More male nurses means more male RN to BSN students
Despite women comprising a little over 90 percent of the 3 million registered nurses in America, male nurses are in high demand.
Kurt Edwards of Detroit is a prime example.
A former paratrooper and grocery worker, Edwards told The New York Times that he “wrote it off as woman’s work at first, he realized he was getting a bit old for manual labor. So he returned to school … Once he finished, the Sheffield Manor administrator, LaKeshia Bell, pretty much hired him on the spot. ‘They are like a hot commodity,’ she said. ‘A male presence actually helps us in the facility.’ At 5 feet 9 inches tall and 220 pounds, Mr. Edwards lifts patients as easily as he stacked boxes.
And it’s not just first-year nurse programs that are attracting men. Allnurses.com message board entitled The Guys Club features an excited post by an Alvernia University RN to BSN student:
“Count me in too. I recently earned an Associates degree from the local community college where I earned my pre-req credits. I was recently accepted to the nursing program at Alvernia University. Man what a rush, It’s gonna be great going to a 4 year school and finishing up my BSN. Been an EMT for almost 6 years and this is something I now wish I had done from the start. The only thing that seems to get me down right about now is the bill for the school. Thank god for financial aid!”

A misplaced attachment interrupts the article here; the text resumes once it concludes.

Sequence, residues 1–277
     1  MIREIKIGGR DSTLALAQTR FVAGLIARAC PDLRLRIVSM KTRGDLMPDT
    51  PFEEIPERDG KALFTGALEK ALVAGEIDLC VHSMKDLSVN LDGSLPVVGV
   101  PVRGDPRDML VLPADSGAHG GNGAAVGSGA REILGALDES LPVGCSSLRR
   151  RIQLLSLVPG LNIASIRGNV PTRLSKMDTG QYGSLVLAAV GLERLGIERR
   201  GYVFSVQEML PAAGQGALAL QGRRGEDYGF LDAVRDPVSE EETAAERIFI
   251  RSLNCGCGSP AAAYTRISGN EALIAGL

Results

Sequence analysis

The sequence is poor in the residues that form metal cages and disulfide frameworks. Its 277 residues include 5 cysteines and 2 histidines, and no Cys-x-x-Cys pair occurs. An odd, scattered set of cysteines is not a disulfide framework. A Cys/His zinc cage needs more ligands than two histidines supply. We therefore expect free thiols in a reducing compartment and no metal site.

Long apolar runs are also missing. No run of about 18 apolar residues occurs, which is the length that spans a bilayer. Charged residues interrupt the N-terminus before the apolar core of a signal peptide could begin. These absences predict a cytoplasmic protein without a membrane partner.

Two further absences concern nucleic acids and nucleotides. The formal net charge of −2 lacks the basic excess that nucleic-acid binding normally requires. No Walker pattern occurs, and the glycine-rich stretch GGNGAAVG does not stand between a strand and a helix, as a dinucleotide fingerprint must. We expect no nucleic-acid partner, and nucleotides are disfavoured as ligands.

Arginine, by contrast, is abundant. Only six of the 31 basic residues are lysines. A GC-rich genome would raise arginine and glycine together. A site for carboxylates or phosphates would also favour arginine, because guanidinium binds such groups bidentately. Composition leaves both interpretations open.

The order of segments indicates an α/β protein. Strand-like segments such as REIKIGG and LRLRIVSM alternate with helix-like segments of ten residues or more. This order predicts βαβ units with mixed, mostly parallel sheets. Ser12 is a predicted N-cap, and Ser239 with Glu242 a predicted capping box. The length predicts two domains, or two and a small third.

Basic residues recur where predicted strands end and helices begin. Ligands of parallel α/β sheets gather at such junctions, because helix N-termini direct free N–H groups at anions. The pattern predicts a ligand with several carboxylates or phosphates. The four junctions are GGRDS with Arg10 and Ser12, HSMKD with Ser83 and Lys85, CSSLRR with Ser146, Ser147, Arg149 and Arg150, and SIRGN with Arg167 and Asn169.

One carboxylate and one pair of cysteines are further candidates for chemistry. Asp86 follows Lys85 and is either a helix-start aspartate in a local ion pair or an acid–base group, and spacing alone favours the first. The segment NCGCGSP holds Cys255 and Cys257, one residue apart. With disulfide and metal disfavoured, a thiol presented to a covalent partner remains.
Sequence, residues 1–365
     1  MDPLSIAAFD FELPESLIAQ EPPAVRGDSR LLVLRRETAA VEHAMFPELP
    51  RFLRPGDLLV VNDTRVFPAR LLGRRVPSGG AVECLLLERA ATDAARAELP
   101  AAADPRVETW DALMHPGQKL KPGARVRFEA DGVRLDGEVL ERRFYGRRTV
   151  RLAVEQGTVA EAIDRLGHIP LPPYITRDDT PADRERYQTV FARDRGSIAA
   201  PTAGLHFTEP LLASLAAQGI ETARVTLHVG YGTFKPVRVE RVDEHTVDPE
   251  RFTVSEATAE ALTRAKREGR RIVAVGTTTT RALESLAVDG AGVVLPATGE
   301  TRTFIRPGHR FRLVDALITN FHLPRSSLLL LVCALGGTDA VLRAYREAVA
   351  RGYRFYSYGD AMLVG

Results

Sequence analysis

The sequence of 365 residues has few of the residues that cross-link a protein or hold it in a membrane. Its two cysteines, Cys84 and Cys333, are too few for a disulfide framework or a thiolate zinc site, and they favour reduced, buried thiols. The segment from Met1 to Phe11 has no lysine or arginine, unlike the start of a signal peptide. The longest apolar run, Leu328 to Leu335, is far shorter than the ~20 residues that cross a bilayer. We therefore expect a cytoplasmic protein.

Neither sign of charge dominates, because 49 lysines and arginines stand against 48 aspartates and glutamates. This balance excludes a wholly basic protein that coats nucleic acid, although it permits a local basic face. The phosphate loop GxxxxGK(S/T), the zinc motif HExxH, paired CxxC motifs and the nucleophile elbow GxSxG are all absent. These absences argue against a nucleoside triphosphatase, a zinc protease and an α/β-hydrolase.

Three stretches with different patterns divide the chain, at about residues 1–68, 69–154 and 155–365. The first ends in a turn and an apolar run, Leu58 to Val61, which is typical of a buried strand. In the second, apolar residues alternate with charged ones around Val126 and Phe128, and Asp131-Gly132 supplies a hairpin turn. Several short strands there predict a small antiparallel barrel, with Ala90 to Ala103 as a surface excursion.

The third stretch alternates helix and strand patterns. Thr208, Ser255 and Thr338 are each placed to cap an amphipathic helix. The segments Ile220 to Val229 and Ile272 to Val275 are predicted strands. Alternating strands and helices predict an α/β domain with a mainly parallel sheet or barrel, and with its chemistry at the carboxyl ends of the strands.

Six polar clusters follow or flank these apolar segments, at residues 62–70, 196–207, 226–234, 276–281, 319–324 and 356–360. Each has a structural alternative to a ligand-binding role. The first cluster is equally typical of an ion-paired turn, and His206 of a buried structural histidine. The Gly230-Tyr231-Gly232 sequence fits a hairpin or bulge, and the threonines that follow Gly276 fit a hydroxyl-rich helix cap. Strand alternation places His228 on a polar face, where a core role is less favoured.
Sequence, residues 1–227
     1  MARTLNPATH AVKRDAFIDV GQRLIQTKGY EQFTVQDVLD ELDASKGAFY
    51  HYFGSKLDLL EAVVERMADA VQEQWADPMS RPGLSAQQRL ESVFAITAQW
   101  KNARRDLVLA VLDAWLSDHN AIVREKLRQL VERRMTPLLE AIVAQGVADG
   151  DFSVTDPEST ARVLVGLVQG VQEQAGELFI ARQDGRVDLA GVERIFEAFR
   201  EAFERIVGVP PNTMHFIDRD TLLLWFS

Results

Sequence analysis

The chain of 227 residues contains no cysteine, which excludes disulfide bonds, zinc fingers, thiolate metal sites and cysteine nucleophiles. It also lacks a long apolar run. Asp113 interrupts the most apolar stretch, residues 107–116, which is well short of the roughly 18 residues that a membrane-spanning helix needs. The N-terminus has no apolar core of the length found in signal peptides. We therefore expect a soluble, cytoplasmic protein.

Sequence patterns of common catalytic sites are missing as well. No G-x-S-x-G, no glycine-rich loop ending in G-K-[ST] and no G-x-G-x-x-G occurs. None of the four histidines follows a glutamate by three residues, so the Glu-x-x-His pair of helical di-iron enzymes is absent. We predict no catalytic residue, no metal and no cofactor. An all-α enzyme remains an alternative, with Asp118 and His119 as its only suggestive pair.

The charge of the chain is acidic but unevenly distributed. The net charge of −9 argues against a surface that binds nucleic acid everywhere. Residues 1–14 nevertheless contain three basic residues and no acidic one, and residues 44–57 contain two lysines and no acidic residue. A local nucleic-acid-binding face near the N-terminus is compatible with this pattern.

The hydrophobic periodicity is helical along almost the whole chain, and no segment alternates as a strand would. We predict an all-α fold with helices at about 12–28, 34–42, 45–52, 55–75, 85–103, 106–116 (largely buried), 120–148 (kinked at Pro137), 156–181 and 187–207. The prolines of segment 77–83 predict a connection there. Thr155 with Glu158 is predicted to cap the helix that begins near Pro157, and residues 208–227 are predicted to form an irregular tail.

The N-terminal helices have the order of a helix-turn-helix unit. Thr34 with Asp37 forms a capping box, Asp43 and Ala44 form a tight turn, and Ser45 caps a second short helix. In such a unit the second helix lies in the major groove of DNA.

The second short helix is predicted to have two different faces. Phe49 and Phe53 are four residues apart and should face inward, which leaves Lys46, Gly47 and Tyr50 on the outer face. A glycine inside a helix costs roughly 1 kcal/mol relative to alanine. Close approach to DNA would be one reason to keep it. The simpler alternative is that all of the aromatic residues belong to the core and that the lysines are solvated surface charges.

Stigmas of male nursing are fading as more and more men begin to see the upward mobility of the profession.
Peter Buerhaus, a professor of nursing at Vanderbilt University, said he believes the social stigmas associated with men in nursing are disappearing. He also thinks the economic benefits are attracting more males to the field.
“We saw the nation lose hundreds of jobs during the recession, but health care grew in the number of jobs it produced, and nursing played a huge part,” Buerhaus said. “People notice that when they come out of high school, there’s no longer a negative stigma.”
Enrolling in RN to BSN in Reading, Pottsville, Pottstown and Philadelphia gives today’s nursing professionals a competitive advantage. Alvernia nursing classes are delivered in a semester long or 8-week class format, scheduled throughout the year in a blended online/face-to-face format — one day per week of on-site instruction.